WHO sounds warning on Ebola outbreak in eastern DR Congo
"Countries should continue to map population movements and sociological patterns that can predict risk of disease spread".
A Congolese woman who died of Ebola this month vomited four times in a Ugandan market after crossing the border days earlier to sell fish, the World Health Organization said, fuelling fears that the virus may be spreading beyond Democratic Republic of Congo.
Goma has more than one million residents and is a key transport hub, so the virus's appearance has raised fears of an epidemic. More than 1,600 people have died since August in the second-worst outbreak of the disease in history.
Mark Green, administrator at the U.S. Agency for International Development, said the U.S. has contributed almost $100 million to the fight and will keep up its efforts.
The World Bank in May also pledged to release an additional $10 million from its Pandemic Emergency Financing Facility to help with response; the WHO has to-date received $6.5 million, officials said at the press conference Wednesday.
The WHO's director-general said the identification of a confirmed case in Goma shows a "concerning geographic expansion of the virus". In June, the virus had made its way into Uganda, prompting World Health Organization to convene an emergency committee to determine whether a formal PHEIC should be declared.
When bans are in place, people tend to cross borders anyway, he said, yet do it secretively and hinder the Ebola response. The Committee cited recent developments in the outbreak in making its recommendation, including the first confirmed case in Goma, a city of nearly two million people on the border with Rwanda, and the gateway to the rest of DRC and the world. For such a declaration, an outbreak must constitute a risk to other countries and require a coordinated response.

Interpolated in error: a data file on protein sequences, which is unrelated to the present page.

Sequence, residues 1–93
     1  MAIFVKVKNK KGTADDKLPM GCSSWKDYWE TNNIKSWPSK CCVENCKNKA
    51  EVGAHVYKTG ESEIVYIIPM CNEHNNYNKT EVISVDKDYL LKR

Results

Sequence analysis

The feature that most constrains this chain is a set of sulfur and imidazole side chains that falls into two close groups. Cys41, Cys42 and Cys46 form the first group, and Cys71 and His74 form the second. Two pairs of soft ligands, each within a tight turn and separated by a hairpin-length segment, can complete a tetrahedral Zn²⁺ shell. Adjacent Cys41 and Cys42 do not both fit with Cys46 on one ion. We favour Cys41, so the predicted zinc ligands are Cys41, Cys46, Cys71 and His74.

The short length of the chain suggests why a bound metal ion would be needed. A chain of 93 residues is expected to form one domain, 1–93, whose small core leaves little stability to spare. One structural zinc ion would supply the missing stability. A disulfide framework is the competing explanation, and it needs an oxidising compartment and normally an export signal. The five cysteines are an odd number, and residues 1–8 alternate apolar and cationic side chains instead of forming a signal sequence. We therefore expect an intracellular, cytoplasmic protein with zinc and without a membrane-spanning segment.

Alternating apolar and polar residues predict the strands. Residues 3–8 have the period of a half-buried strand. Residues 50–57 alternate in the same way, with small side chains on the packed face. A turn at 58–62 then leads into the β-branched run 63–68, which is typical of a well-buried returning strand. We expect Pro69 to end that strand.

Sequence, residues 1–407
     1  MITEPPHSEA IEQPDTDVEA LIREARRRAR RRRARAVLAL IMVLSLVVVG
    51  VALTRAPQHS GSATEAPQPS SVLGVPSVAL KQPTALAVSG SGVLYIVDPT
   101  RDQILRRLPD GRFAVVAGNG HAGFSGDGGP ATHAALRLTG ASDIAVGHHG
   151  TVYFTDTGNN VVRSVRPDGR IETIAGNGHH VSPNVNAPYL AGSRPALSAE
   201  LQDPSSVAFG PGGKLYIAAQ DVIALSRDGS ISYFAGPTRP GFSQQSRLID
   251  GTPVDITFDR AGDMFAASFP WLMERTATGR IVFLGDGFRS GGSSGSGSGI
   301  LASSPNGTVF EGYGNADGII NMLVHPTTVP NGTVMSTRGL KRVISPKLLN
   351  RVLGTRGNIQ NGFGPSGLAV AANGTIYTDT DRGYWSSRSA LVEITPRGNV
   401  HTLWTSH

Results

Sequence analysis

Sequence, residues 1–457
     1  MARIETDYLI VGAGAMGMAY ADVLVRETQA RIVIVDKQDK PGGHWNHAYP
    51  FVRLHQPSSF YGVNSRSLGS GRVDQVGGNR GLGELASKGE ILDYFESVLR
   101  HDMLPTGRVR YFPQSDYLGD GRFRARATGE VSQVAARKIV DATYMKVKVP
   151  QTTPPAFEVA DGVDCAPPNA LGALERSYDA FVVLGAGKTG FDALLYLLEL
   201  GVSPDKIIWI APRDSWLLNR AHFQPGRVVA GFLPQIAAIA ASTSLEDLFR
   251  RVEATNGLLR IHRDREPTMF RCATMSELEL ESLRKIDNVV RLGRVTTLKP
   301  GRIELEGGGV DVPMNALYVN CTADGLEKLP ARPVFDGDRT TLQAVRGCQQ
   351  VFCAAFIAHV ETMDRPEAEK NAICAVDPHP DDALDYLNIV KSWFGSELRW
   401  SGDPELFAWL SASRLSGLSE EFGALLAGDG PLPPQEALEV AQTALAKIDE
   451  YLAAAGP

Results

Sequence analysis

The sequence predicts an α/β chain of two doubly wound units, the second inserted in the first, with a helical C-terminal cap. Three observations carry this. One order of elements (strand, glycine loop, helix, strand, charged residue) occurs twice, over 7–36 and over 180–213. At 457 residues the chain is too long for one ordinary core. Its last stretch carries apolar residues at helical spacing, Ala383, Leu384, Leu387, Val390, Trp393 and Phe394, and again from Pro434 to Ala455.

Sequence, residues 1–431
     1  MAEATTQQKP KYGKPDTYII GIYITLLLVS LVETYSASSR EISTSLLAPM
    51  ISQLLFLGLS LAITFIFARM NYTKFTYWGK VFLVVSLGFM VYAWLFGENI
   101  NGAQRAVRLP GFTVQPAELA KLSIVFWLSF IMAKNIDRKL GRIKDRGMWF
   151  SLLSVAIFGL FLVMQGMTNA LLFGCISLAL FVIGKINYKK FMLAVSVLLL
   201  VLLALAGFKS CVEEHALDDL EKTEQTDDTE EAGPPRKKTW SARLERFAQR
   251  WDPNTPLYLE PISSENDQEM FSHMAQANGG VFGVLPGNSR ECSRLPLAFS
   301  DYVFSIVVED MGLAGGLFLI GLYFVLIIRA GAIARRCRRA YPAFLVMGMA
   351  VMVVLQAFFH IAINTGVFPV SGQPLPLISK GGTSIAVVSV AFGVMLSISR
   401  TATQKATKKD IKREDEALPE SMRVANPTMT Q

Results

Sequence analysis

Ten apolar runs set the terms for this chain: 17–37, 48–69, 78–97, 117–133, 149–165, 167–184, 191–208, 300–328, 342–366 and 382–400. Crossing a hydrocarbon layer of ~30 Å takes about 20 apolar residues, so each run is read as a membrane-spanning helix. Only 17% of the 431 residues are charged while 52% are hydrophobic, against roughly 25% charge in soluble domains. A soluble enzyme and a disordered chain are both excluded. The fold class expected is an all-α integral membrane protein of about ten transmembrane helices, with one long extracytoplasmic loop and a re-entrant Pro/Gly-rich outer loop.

The previous worldwide emergencies, under a system introduced after the 2004 Asian SARS epidemic, were the 2013-2016 West African Ebola epidemic that killed over 11,300 people, the 2009 flu pandemic, polio in 2014 and the Zika virus that caused a spate of birth defects across Latin America. They said at the time that "the cluster of cases in Uganda is not unexpected" and determined that it did not meet the necessary criteria.
Here's a look at Ebola and the unprecedented challenges health workers face in trying to contain what the WHO chief has called one of the world's most risky diseases in one of the world's most unsafe regions. The attacks have led to spikes in cases and hurt the painstaking work of tracing the thousands of people who have come into contact with those infected.
Dr. Maurice Kakule was one of the first people to survive the current outbreak after he fell ill while treating a woman last July, before the outbreak had even been declared.